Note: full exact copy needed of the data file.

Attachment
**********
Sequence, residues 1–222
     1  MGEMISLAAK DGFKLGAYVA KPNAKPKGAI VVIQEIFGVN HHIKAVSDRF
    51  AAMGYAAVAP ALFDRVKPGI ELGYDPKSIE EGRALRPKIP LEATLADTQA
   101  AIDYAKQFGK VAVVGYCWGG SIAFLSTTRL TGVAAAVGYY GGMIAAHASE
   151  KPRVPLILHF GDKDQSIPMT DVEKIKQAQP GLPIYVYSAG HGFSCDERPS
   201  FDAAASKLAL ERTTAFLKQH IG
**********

Sequence, residues 1–222
     1  MGEMISLAAK DGFKLGAYVA KPNAKPKGAI VVIQEIFGVN HHIKAVSDRF
    51  AAMGYAAVAP ALFDRVKPGI ELGYDPKSIE EGRALRPKIP LEATLADTQA
   101  AIDYAKQFGK VAVVGYCWGG SIAFLSTTRL TGVAAAVGYY GGMIAAHASE
   151  KPRVPLILHF GDKDQSIPMT DVEKIKQAQP GLPIYVYSAG HGFSCDERPS
   201  FDAAASKLAL ERTTAFLKQH IG